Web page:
The burning question to landfill capacity lies with incineration

Updated: 2013-08-01 06:37

By Raymond So(HK Edition)

  Print Mail Large Medium  Small 分享按钮 0

A garbage crisis is looming in Hong Kong after the government failed to get the Legislative Council's (LegCo) nod on fund allocation for the study of the extension of existing landfills.

When the government withdrew its request for funds to study the extension of Tseung Kwan O landfill from LegCo, many commentators predicted the government would not be able to get LegCo endorsement for similar requests to study the extension of other landfills as well. This prophecy doesn't require a crystal ball. It is clear that landfills are not welcome by nearby residents, and the opposition voice is strong. The defeat somehow indicates that the government has too few allies in LegCo on this matter. Worse still, the garbage problem has become a political issue. With pressure from voters, it is not easy to get endorsements from lawmakers.

The struggle reflects the overriding reality that the traditional way of relying on landfills to dispose of garbage is no longer workable. What the city needs now for tackling the pressing garbage problem is a four-dimensional approach, which should consist of landfills, a garbage levy to reduce waste, incineration plants, and reclamation.

The burning question to landfill capacity lies with incineration

The city used to rely on landfills for garbage disposal in the past mainly because people did not have the mindset or channels to raise objections, and to protect their rights. In the colonial years, LegCo was dominated by pro-government members. The government could easily pass resolutions on the opening of new areas for landfills. There were cases in which the landfills were located in the urban area, such as the Jordan Valley landfill and the Sai Tso Wan landfill, which were located in East Kowloon. People living nearby suffered from poor air quality and other severe pollution problems until the two landfills were closed and have become parks after years of restoration. The clear lesson is, though landfills can be restored to become leisure areas, the process is time-consuming and costly. Having become a landfill, the land cannot be used for residential purposes because of the existence of biogas, which takes many years to diminish before development can be carried out. Very often, the restored land on landfill can only be used to build parks and playgrounds. Hence, while landfill is an essential element in garbage handling, this approach is likely to expire soon because new landfills can hardly be built.

The idea of garbage levy and waste reduction is appealing. According to many environmental concern groups, if the garbage production rate is reduced, there is no need for landfill extensions. The problem is, even with effective waste reduction, garbage will not totally disappear. Sooner or later the existing landfills will all hit capacity unless we can reduce waste by a drastic margin. However, a large reduction in waste calls for a heavy levy on garbage disposal, raising the problem of persuading people to accept the levy. Taiwan's experience shows that incinerators are still necessary even though they have significantly reduced garbage with a levy.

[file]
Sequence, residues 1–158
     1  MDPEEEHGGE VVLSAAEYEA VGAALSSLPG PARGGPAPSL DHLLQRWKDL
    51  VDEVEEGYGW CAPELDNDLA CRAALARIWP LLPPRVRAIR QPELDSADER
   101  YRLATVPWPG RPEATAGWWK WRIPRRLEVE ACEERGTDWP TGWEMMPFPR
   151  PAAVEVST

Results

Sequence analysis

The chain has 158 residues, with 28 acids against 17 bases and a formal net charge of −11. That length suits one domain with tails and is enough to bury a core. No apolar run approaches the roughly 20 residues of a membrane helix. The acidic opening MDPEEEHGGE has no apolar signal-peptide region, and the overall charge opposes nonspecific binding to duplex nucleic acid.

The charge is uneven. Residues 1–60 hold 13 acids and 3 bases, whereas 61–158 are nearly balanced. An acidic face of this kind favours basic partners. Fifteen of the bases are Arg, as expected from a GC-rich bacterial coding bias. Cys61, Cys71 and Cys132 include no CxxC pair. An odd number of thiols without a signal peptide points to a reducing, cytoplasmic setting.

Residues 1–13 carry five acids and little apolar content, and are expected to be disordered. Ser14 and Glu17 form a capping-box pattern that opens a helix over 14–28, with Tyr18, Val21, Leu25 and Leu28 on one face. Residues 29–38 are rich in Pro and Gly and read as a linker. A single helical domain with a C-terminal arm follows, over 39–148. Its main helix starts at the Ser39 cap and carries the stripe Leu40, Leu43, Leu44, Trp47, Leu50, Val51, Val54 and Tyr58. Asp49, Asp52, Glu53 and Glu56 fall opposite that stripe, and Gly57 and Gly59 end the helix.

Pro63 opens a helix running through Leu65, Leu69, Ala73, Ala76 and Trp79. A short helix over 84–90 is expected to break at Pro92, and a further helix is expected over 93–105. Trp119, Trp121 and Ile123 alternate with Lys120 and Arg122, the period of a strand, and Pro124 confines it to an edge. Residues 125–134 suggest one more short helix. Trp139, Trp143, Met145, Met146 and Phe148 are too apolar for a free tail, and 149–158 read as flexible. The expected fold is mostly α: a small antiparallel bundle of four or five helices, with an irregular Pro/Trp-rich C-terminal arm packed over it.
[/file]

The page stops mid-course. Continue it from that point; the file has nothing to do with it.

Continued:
Incineration plants are clearly not welcome by many people for fear of poisonous gas and materials. Nevertheless, when we look at the garbage problem, we have no way out but to incinerate. Modern technologies have greatly reduced the production of poisonous materials, and shrink garbage to around one percent of the original volume, minimizing or eliminating the need to extend existing landfills. Incineration plants can help resolve major disputes surrounding the garbage problem; no wonder the government is pushing hard for this choice.

Residuals produced by incineration can be used for reclamation, which the government has planned to accomplish outside Victoria Harbor to further build up its land bank. Singapore has successfully reclaimed land with incineration residuals.

This is how the four-dimensional approach in garbage-handling works. First we install a garbage levy so as to reduce garbage growth. Then we reduce the volume of garbage through incineration, and dump the residuals on reclamation site or in landfills. As garbage is greatly reduced and the residuals are not as undesirable as normal garbage, the landfill problem can be alleviated as well.

The author is dean of the School of Business at Hang Seng Management College.

(HK Edition 08/01/2013 page9)